That would be a really stupid and dangerous way to shape your foreign policy, wouldn't it?

Tuesday, April 05, 2005

Arms and influence: RIP, George Kennan

This is, by far, the best eulogy of George Keenan that I have read since he died last week, both for its short but precise description of Keenan's acheivmants and for its discussion of how we seem to have lost teh ability or desire to put forth an official doctrine to deal with the threats we face.
Today, we live in what might be called a "post-doctrine" era. Our new global conflict does not have a framing document like the X article, a direct response to fears about Soviet aggression that arose during the 9/11 of the Cold War, the Greek and Turkish crises of 1947. If there are important analyses of anti-American Islamism, terrorist methods, and the long-term strategy for defeating Al Qaeda and its allies, they are far less discernible in the haze of daily news than the works of Kennan, Koestler, Schelling, Brodie, and others were.

The post also discusses one of the more frightening aspects of our current administration- it's almost unlimited disdain for any expert that doesn't march in lockstep with the administration
Most startlingly, there is nothing like the comfort between the White House and the national security intelligentsia that once existed. Where Truman let Kennan speak for his administration, or Eisenhower let Brodie and Schelling guide decisions about nuclear strategy, Bush lashes out at any modern-day Kennans within Defense Department, State Department, CIA, and other permanent members of the national security bureaucracy. His in-house sources of doctrine behave like careerists, not strategists. It's hard to imagine Kennan behaving like Bush's advisers, who so loyal to Bush that they are willing to turn on a dime to disavow their earlier opinions. Where JCS Chairman Colin Powell once helped frame the Weinberger-Powell Doctrine, Secretary of State Powell helps dismantle it to make the Iraq invasion possible. And the list goes on. State sponsors of terrorists are the real center of gravity? Wrong. The real threat is WMDs in Iraq that might be given to terrorists? Wrong. The Iraq invasion will pay for itself? Wrong. Being the world's only superpower means that you'll drag your allies along, like it or not? Wrong. Legal changes like the PATRIOT Act, and bureaucratic reforms like the creation of the Homeland Security Department, are going to bag a lot of terrorist who would otherwise have inflicted more 9/11-like horrors? Wrong. George Kennan could be wrong, but he was more right than wrong. Paul Wolfowitz can be right, but he certainly has been more wrong than right.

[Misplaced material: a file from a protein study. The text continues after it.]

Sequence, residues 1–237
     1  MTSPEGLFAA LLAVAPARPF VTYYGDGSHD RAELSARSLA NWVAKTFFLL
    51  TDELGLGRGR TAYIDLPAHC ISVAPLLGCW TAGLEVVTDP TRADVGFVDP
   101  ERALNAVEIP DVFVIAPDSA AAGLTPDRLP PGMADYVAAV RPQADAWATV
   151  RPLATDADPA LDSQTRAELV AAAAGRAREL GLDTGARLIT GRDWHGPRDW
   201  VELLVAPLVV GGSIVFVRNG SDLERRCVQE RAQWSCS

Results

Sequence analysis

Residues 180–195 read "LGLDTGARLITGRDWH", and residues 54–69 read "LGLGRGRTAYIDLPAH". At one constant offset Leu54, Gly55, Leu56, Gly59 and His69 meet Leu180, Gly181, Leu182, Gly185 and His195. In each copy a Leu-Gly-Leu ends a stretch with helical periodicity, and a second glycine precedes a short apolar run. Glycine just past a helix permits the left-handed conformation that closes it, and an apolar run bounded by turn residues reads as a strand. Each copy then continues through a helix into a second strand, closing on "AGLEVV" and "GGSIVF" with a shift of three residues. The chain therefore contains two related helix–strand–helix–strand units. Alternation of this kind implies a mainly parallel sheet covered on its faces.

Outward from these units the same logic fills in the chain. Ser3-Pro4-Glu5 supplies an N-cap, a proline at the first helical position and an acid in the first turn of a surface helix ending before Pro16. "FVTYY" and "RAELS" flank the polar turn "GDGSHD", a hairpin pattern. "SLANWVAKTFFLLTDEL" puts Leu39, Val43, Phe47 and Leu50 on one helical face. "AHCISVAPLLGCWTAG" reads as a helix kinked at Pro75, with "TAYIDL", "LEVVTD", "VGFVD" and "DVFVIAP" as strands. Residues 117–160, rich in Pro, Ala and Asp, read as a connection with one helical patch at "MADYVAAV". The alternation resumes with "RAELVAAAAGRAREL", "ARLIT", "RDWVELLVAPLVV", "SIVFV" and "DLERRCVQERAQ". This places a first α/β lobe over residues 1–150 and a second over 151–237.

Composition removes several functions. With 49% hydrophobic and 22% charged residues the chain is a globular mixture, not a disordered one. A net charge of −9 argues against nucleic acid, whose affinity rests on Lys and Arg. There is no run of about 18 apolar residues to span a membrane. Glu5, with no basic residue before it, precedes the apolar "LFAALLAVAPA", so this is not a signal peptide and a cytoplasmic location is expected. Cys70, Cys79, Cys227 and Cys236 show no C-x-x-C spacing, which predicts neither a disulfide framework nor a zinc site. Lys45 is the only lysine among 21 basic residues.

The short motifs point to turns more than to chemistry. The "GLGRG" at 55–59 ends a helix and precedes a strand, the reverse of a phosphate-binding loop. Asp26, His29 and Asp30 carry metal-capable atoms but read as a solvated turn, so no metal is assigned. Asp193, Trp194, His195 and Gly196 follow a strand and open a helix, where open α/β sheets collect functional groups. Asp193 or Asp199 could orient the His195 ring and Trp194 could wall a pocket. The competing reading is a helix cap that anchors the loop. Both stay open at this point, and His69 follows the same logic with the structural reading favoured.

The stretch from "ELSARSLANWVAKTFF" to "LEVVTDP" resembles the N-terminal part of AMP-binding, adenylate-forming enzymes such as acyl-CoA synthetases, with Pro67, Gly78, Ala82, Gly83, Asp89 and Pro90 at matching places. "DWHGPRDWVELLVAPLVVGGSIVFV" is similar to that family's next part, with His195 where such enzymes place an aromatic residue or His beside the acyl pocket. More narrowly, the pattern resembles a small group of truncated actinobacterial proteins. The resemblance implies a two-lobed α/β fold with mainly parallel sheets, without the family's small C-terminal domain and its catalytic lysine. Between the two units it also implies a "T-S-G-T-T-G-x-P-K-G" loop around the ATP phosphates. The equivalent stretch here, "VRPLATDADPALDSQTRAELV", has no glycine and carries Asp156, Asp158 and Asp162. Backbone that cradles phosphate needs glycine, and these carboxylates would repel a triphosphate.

Well at least he'll only be fucking up other relief efforts to starving children and faltering nations.
The post ends with a prayer that I wholeheartedly share:
If we're lucky, we may see someone like him again, and we can pray that we'll see a return of disciplined thinking about national security as well.
At this point praying is seeming like the only hope that we will once again have a sane and rational foreign policy. Maybe if we could elect great military minds like Zinni to some sort of national office than we would have a good chance, but I do wonder how long the damage that the Bush Administration is wreaking on our defense, state, and intelligence agencies will take to undo, and what it would take to reverse this trend.

Monday, April 04, 2005

Medal of Honor

I got my laugh of the day from the end of a post on Arms Control Wonk which disccussed how 'Curveball' had been discredited before Powel's infamous speech at the UN.
No word yet on whether the President plans to give Curveball the Presidential Medal of Freedom.

Top 10 Reasons Why John Bolton Should Not Be Confirmed As U.S. Ambassador to the UN

Democracy Arsenal provides 10 good reasons
Why John Bolton Should Not Be Confirmed As U.S. Ambassador to the UN. Including:
9. He doesn’t believe in paying U.S. dues to the UN. And has said so. A big part of the job of UN envoy is working with the Hill to get U.S. contributions paid. Withholding dues in the ‘80s and ‘90s led to a diplomatic debacle that took years to put right. We don’t have the time, energy or goodwill to waste on such battles.

8. He won’t enjoy the support of U.S. diplomats around the world. 60+ ex-diplomats have signed a letter opposing Bolton. Current envoys feel the same way. But Bolton will need the embassies to back him in capitals to succeed in pushing through U.S. proposals (see Retail Diplomacy). Personal views about Bolton will undercut this support.
And over at ArmsControlWonk they note:
Apparently some Senate staffers are looking into whether Bolton was involved in pressuring intel analysts about their assessments of Cuba’s BW program.
No wonder the Bush Administration loves the guy so much.

Who's Really To Blame For The WMD Screwup?

Larry C. Johnson has a good followup to his whitewash piece at The Counterterrorism Blog.